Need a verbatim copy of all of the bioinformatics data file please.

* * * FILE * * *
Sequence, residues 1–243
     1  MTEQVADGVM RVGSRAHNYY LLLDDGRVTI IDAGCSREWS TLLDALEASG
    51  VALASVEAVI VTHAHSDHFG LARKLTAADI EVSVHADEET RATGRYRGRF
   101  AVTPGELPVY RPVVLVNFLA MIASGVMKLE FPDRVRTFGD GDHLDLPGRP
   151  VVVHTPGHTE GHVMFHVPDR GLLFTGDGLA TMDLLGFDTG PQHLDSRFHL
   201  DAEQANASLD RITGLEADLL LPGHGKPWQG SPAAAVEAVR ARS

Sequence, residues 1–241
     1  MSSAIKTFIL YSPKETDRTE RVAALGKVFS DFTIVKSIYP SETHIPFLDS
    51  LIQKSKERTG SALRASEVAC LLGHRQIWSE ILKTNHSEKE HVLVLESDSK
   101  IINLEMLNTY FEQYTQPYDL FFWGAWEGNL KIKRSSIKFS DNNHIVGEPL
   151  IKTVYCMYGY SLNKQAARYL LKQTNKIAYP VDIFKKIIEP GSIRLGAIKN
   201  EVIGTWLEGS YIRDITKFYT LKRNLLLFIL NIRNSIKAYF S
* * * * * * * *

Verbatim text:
Sequence, residues 1–243
     1  MTEQVADGVM RVGSRAHNYY LLLDDGRVTI IDAGCSREWS TLLDALEASG
    51  VALASVEAVI VTHAHSDHFG LARKLTAADI EVSVHADEET RATGRYRGRF
   101  AVTPGELPVY RPVVLVNFLA MIASGVMKLE FPDRVRTFGD GDHLDLPGRP
   151  VVVHTPGHTE GHVMFHVPDR GLLFTGDGLA TMDLLGFDTG PQHLDSRFHL
   201  DAEQANASLD RITGLEADLL LPGHGKPWQG SPAAAVEAVR ARS

Sequence, residues 1–241
     1  MSSAIKTFIL YSPKETDRTE RVAALGKVFS DFTIVKSIYP SETHIPFLDS
    51  LIQKSKERTG SALRASEVAC LLGHRQIWSE ILKTNHSEKE HVLVLESDSK
   101  IINLEMLNTY FEQYTQPYDL FFWGAWEGNL KIKRSSIKFS DNNHIVGEPL
   151  IKTVYCMYGY SLNKQAARYL LKQTNKIAYP VDIFKKIIEP GSIRLGAIKN
   201  EVIGTWLEGS YIRDITKFYT LKRNLLLFIL NIRNSIKAYF S